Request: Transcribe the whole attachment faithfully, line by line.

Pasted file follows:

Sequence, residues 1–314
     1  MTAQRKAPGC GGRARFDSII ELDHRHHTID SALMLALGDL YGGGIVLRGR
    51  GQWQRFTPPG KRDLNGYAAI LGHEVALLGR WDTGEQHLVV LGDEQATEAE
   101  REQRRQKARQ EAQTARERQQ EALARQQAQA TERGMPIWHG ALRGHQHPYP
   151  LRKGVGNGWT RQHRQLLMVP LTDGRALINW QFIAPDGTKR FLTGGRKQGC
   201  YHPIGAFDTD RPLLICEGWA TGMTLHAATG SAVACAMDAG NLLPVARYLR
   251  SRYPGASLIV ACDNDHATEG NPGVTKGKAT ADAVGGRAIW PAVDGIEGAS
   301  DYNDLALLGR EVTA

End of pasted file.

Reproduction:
Sequence, residues 1–314
     1  MTAQRKAPGC GGRARFDSII ELDHRHHTID SALMLALGDL YGGGIVLRGR
    51  GQWQRFTPPG KRDLNGYAAI LGHEVALLGR WDTGEQHLVV LGDEQATEAE
   101  REQRRQKARQ EAQTARERQQ EALARQQAQA TERGMPIWHG ALRGHQHPYP
   151  LRKGVGNGWT RQHRQLLMVP LTDGRALINW QFIAPDGTKR FLTGGRKQGC
   201  YHPIGAFDTD RPLLICEGWA TGMTLHAATG SAVACAMDAG NLLPVARYLR
   251  SRYPGASLIV ACDNDHATEG NPGVTKGKAT ADAVGGRAIW PAVDGIEGAS
   301  DYNDLALLGR EVTA